We’re a little more than three weeks into the season, and the Celtics haven’t exactly looked like world-beaters. With a 6-5 record and without a particularly brutal schedule (at least in terms of strength of opponents), they haven’t played to the level that got them to Game 7 of the Eastern Conference Finals last season. But instead of worrying about the ins and outs of every too-close game with the Wizards and surprising loss to the Pistons, Celtics fans would lower their collective blood pressure by considering the big picture over the day-to-day.
It may be tough to brush off losses, but you can bet that Doc Rivers isn’t sweating the small stuff. The Celtics were 15-17 at least year’s makeshift All-Star break. Rivers couldn’t have been happy with the record, but he must have been confident enough in the process, because panic never set in. At the end of the season, the Celtics were right where they hoped they’d be, and you could argue that they exceeded expectations by making it to a deciding game with the Heat.
With that in mind, the following serves as a kind of viewer’s guide for watching the Celtics through the early part of the season. Focusing on the process over the results, these are plays that I watch for in a typical regular season game. They’re plays I rewind my DVR for when I watch a game the next day. They’re plays that help me decipher, in my own mind at least, how well the Celtics are playing regardless of the score. The following is a list of things to watch for, and things to ignore, as you watch the Celtics over the next month or so.
Give new rotations a chance: Ten Celtics are currently playing 13 or more minutes per game as Rivers experiments with different lineups. Some new lineups perform well. Others are spectacular flops. The point is not to get too concerned over whether a lineup of Leandro Barbosa, Jason Terry, Jeff Green, Paul Pierce, and Jared Sullinger gets outscored by eight points in five minutes. That’s a lineup you’d never see in a playoff game, where Rivers is likely to limit the rotation to eight players, with a ninth getting time here and there. Every lineup isn’t going to work, and that’s OK.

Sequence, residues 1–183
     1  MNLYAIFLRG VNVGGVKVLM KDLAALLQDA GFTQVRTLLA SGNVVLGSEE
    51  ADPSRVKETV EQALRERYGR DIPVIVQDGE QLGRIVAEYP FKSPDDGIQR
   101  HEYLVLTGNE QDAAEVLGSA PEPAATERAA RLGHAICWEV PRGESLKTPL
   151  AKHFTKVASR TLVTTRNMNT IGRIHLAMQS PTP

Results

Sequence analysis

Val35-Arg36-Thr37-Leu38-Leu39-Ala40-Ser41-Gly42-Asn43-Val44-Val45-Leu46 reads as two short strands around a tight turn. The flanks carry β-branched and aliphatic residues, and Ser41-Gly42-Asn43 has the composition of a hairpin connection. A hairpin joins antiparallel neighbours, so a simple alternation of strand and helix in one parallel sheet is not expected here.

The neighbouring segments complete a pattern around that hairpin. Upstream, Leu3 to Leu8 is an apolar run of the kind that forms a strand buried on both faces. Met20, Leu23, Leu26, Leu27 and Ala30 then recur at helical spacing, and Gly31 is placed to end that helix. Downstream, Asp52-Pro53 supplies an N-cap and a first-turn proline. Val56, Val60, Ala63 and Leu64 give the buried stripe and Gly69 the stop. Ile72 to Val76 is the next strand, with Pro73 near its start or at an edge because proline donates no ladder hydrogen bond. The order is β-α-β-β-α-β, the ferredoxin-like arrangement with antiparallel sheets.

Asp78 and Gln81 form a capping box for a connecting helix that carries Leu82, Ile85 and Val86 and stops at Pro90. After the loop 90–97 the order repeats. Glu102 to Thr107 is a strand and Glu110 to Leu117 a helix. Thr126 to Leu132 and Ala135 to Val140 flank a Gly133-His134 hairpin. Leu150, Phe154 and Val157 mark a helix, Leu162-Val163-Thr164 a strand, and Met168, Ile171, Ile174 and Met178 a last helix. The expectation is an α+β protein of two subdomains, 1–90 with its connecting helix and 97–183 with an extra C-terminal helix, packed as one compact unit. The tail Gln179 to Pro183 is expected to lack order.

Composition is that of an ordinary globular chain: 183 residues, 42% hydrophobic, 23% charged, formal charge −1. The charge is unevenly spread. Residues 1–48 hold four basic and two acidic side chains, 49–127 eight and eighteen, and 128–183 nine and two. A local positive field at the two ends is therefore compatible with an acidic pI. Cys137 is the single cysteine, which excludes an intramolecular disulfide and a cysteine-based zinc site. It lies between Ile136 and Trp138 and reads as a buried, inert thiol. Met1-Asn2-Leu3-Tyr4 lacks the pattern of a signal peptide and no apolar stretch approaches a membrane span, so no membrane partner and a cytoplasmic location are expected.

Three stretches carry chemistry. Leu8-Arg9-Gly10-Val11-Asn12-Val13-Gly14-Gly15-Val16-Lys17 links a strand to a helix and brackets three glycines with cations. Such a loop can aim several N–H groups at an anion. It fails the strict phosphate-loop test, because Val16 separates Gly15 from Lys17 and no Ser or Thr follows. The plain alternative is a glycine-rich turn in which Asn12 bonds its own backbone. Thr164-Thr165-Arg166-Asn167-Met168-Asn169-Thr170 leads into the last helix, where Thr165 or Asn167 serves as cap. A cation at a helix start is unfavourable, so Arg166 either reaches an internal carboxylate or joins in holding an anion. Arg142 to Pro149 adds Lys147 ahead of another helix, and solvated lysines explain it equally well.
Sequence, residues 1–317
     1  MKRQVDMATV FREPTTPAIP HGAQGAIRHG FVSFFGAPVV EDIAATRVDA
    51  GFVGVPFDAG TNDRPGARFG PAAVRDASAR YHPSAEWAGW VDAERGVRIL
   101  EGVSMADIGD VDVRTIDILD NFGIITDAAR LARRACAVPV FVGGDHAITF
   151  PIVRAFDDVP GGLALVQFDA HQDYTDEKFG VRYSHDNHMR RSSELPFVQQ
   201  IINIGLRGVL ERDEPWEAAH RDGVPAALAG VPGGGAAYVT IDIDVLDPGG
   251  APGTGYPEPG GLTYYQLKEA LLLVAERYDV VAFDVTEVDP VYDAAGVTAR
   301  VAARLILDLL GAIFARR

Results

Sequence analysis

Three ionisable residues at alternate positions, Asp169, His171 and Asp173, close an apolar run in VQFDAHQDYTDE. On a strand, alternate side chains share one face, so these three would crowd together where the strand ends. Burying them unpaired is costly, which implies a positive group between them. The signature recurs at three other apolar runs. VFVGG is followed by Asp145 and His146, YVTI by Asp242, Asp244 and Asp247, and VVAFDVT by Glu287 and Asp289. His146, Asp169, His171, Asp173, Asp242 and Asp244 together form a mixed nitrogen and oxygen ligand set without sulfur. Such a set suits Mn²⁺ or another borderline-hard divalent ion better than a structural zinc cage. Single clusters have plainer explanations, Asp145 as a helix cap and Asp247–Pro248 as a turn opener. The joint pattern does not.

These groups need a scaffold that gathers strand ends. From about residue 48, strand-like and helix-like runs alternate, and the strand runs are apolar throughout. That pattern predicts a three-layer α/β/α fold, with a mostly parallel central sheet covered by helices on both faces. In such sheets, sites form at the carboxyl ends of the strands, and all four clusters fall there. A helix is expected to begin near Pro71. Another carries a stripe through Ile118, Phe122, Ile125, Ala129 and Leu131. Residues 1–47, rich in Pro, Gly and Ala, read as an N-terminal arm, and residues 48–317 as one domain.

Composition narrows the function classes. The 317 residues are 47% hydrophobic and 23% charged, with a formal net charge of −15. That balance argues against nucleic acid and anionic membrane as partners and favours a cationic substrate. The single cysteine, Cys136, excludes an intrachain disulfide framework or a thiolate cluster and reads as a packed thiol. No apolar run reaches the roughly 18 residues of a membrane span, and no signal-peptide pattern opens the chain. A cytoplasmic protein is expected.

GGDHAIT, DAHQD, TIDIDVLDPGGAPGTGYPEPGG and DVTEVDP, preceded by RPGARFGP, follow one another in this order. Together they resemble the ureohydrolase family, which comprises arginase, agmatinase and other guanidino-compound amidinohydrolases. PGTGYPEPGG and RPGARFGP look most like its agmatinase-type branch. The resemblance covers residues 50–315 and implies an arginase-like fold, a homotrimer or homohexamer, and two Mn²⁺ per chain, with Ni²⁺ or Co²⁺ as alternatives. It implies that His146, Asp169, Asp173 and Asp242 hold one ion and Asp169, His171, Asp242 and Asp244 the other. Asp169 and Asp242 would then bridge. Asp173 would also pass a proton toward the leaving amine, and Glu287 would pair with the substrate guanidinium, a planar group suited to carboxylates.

Forget about minutes: Don’t get bent out of shape over the day-to-day rationing of playing time. If Jeff Green plays 25 minutes one night and 15 the next, it doesn’t mean he took a step backward. If Courtney Lee barely sniffs the floor in a game, it doesn’t mean he’s in the doghouse. Ignore the knee-jerk reactions that come with playing time for one game and instead focus on how a player performs in the time allotted. If Green plays all of his minutes with the first unit, that’s significant. If he plays in crunch time, that’s also big. Efficiency and shooting percentage are also things to consider.
Rebounding does matter: It’s early, but the Celtics are currently 21st in the league in total rebounding and last in the league in offensive rebounding percentage. The Celtics are no longer built to be among the league’s best rebounding teams, so you shouldn’t be worried about rebounding differential, per se. What you should worry about is poor rebounding effort. Failures in boxing out. Poor defensive rotations that lead to wide-open put-backs for the other team. Rivers will tell you that rebounding differential isn’t a focus, but the Celtics ranked second in the NBA in total rebounding during the championship season of 2007-08 and the next season in which they went 62-20. Rebounding does matter, and it’s always something to keep an eye on.